Transformation towards fossil-free steelmaking

When transforming towards fossil-free steelmaking it includes a shift in steelmaking technology and associated logistic support system. It also included the change from liquid iron feedstock (from the Blast Furnace – BF) to a solid direct reduced iron (from the Direct Reduction plant – DR) feedstock, which requires significant changes in the production system. Preferably, the transformation should occur with a redundant production system to minimize production losses during the transition.

The options at hand and the transformation schedule are highly dependent on the existing plant production configuration. A gradual shift in iron feedstock between the new and old producing units is probably the best option to meet production targets while minimizing the cost of stranded assets.

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Secure iron feedstock when moving towards fossil-free steelmaking

Without iron, the steelmaking stops. In principle, the BF’s pig iron will be replaced by scrap and DRI, but costs and material flows are sometimes a practical challenge and a significant risk during the transition.
To secure iron supply is a vital parameter to consider when implementing production changes. If a tiered transition is possible, supply chain impact is less abrupt and easier to manage. The possibility of having several independent iron sourcing options available is key to staying in control during the transition.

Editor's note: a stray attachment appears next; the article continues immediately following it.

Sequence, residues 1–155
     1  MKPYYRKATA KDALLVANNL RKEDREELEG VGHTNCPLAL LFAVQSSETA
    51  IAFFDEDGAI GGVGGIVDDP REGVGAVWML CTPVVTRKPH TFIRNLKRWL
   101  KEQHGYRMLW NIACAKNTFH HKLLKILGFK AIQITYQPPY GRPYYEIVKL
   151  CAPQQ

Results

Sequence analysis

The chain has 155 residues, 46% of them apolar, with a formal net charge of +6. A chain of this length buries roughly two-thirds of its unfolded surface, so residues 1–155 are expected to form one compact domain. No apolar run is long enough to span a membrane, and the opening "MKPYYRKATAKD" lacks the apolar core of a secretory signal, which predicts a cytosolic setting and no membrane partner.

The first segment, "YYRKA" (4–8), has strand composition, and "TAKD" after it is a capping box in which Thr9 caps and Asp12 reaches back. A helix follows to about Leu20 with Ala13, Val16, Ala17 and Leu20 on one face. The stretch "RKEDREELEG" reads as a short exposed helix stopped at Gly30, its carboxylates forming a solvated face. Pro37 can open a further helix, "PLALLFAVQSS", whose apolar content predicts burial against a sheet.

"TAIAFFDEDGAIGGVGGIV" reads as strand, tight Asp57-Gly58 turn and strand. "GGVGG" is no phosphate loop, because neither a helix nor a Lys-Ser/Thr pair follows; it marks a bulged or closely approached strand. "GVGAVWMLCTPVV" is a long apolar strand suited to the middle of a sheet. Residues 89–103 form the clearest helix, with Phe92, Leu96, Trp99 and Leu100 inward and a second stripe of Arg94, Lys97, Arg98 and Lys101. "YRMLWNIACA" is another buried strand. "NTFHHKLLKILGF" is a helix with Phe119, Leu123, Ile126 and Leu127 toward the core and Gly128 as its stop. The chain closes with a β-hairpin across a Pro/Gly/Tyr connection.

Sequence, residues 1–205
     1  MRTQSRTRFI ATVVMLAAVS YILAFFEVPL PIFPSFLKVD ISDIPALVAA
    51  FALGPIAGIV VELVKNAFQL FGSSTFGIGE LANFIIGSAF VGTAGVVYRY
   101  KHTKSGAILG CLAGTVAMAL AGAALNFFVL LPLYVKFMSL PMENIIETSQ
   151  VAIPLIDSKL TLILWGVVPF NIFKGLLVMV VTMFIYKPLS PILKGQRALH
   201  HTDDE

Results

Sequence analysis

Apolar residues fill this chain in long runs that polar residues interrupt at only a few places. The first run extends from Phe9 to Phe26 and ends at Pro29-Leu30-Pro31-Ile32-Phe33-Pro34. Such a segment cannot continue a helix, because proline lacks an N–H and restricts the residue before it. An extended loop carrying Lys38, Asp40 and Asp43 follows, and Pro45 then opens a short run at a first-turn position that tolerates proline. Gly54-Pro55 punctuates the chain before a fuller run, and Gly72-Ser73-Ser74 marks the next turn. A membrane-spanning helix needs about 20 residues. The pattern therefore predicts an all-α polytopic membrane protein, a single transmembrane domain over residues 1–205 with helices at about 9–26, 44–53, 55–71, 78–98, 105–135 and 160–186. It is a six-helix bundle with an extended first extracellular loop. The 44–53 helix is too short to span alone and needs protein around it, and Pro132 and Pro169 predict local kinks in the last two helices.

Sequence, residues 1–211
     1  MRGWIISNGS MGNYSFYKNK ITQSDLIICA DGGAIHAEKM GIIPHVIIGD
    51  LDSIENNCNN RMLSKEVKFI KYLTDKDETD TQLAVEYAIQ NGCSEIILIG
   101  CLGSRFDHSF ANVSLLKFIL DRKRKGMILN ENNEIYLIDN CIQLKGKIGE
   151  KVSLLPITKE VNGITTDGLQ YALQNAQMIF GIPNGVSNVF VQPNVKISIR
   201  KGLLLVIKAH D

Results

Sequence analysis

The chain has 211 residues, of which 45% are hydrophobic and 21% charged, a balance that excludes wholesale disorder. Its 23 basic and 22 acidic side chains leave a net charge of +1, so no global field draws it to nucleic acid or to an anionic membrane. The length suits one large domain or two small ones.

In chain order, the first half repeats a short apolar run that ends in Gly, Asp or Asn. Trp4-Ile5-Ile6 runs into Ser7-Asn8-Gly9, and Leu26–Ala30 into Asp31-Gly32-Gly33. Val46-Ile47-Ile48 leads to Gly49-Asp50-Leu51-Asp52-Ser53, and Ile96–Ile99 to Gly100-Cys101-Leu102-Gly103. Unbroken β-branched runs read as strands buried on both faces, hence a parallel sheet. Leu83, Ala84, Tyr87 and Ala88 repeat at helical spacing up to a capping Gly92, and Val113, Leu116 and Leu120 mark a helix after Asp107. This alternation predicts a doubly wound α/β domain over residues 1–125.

Secure green (electrical) energy supply

The major change in a CO2 mitigation transformation is the exchange of primary energy sources. Coking coal is replaced by (renewable) electricity and hydrogen for the reduction processes. This is an energy shift corresponding to ~3 000 kWh/ton steel, a tremendous amount of energy when considering the annual iron tonnage typically produced, that represents a large part of the total operational costs.
Thus, the most favorable location of the energy-intensive DR-processing step is to be scrutinized and selected based on the expected long-time energy costs. Challenge the status quo by always including a future scenario where the DR-processing is relocated to a new geographical location (with low-cost renewable energy available).

Match product quality and processing capabilities

Specialized product requirements, such as extreme nitrogen levels, may require extra attention when shifting processing routes. It is essential to understand the different process characteristics and their potential impact on processing capabilities concerning product specifications and certificates.
A mismatch between processing capability and product requirements could almost always be resolved eventually, but it may require extensive efforts such as additional investments or rearrangement of the product portfolio.
The above problems need time to be resolved, and the safe option when transforming is to buy time to cushion the impact of any process-product mismatch.

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